As we can see, all three linear models produced relatively consistent results, with Ridge regression performing slightly better than the rest. The model coefficients suggest that the overall score (positive), fireplace (positive), kitchen/garage quality (positive), neighborhood (negative) and house age (negative) are among the most significant variables affecting the overall sale price of the house.

Normal distribution and independence of residuals or error terms from predictors are core assumptions of all regression models. The skewness and kurtosis analyses confirm that these assumptions hold true as they indicate that the error distributions are approximately zero with a mean of zero. The residual plot further confirms these assumptions as we see a nice even distribution around zero.

### The quantile-quantile (qq) plot

The quantile-quantile (qq) plot is a graphical technique for determining if two data sets come from populations with a common distribution. Here, a qq plot allows us to determine whether the data is normally distributed, and in this case, our plot is relatively straight between the 25% - 75% quartile range. However, the qq plot indicates that the ridge model tends to underpredict house prices in the higher quantiles and overpredict those in the lower quantiles. Therefore, we conclude that the model is not as robust in predicting house prices when dealing with data points at the extremes of the price range.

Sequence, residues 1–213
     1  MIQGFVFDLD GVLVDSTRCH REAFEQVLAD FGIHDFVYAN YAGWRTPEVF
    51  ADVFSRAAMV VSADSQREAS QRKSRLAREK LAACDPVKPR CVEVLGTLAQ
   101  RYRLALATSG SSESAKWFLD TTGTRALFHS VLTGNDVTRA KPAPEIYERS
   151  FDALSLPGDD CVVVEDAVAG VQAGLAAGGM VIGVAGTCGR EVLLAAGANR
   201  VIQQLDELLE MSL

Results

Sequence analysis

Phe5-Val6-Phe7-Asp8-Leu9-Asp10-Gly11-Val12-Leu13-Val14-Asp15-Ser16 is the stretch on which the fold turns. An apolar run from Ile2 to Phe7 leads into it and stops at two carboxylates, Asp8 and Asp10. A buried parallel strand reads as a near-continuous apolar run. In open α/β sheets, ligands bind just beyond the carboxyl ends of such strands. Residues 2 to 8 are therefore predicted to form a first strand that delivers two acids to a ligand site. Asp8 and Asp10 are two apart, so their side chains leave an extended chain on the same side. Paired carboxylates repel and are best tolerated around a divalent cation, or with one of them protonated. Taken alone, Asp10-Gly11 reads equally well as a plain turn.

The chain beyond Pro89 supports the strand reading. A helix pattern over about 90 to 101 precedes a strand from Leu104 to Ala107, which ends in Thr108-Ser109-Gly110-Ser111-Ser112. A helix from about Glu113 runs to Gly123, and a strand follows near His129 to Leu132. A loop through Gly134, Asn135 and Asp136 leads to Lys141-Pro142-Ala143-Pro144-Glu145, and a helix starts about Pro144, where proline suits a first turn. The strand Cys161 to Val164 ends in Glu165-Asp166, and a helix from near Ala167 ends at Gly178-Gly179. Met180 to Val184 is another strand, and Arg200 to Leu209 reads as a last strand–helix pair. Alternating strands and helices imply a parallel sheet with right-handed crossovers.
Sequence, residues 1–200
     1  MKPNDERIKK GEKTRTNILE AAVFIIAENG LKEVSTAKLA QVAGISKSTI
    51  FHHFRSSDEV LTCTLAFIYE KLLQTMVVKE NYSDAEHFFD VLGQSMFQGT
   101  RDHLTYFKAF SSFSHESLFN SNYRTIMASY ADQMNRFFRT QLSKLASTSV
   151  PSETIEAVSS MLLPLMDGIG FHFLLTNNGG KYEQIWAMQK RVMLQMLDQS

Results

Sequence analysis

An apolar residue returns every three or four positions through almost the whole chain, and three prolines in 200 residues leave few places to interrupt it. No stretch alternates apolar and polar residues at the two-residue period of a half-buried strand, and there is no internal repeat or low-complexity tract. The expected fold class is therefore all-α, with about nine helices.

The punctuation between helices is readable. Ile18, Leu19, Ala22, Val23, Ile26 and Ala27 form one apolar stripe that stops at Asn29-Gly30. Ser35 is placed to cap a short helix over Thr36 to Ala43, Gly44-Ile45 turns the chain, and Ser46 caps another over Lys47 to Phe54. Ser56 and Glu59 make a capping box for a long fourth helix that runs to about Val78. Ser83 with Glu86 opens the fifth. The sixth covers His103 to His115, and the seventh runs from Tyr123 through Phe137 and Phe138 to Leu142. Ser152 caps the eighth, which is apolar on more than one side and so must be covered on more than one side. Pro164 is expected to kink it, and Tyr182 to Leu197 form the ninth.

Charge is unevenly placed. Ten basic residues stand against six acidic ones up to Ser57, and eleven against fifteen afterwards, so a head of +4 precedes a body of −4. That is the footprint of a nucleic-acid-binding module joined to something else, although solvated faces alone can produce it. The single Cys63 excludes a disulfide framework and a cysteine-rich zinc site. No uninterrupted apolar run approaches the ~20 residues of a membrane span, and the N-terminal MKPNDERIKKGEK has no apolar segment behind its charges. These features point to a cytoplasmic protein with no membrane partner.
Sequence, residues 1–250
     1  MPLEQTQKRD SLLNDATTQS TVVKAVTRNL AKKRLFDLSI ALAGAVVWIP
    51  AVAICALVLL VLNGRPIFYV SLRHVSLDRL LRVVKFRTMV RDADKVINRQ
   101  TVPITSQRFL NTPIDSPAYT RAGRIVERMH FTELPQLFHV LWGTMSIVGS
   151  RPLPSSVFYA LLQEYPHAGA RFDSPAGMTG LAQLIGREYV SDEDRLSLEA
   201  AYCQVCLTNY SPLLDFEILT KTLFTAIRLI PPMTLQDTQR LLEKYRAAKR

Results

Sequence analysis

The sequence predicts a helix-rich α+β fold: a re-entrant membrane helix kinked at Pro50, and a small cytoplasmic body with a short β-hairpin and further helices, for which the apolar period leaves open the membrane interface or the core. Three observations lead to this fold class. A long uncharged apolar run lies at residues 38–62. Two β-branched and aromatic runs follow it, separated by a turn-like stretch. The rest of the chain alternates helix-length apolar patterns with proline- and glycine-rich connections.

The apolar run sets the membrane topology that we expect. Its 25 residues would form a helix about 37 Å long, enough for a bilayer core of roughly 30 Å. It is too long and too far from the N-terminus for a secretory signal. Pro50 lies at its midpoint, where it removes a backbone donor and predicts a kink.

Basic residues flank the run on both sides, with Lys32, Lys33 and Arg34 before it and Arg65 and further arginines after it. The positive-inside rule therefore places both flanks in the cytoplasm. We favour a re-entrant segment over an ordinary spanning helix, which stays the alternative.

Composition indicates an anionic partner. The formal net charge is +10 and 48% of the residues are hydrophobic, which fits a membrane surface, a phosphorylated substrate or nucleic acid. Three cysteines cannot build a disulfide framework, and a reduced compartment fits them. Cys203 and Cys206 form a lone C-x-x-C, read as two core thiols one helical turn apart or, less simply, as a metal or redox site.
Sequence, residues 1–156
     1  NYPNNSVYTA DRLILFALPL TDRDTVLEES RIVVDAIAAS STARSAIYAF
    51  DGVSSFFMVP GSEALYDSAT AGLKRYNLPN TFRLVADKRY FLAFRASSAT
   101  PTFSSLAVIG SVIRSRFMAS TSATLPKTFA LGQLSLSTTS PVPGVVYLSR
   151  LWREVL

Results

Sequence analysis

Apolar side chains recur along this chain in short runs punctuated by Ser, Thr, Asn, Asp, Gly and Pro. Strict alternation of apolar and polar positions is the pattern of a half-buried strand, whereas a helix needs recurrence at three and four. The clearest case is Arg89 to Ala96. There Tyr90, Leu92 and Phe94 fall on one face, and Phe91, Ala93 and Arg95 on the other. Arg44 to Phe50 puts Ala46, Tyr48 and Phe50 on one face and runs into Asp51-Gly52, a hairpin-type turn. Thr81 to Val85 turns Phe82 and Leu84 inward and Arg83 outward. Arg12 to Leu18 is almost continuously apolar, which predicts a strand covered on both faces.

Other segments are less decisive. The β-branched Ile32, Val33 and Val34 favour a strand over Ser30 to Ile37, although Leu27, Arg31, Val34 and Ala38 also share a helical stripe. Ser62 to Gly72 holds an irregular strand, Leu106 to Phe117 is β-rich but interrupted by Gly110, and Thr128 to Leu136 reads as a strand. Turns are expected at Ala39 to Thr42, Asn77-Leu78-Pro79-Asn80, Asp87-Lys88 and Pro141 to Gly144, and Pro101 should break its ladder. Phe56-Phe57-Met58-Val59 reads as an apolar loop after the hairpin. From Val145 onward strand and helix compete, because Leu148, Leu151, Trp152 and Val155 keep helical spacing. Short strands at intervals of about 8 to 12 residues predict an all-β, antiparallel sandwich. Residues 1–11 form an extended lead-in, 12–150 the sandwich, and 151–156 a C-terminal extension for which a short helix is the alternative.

In order to quantify the effect of each feature in our regression model, we computed the exponent of each coefficient (since the target variable is in natural log form) in order to calculate the dollar change in the average house sale price given a unit change of a given explanatory variable. Results are shown in the table below:

For example, we can see that for a given unit change of HouseAge, the sale price decreases by $1160 while for a given unit change of the OverallScore or Fireplace, the sale price increases by $6617 and $5155 respectively.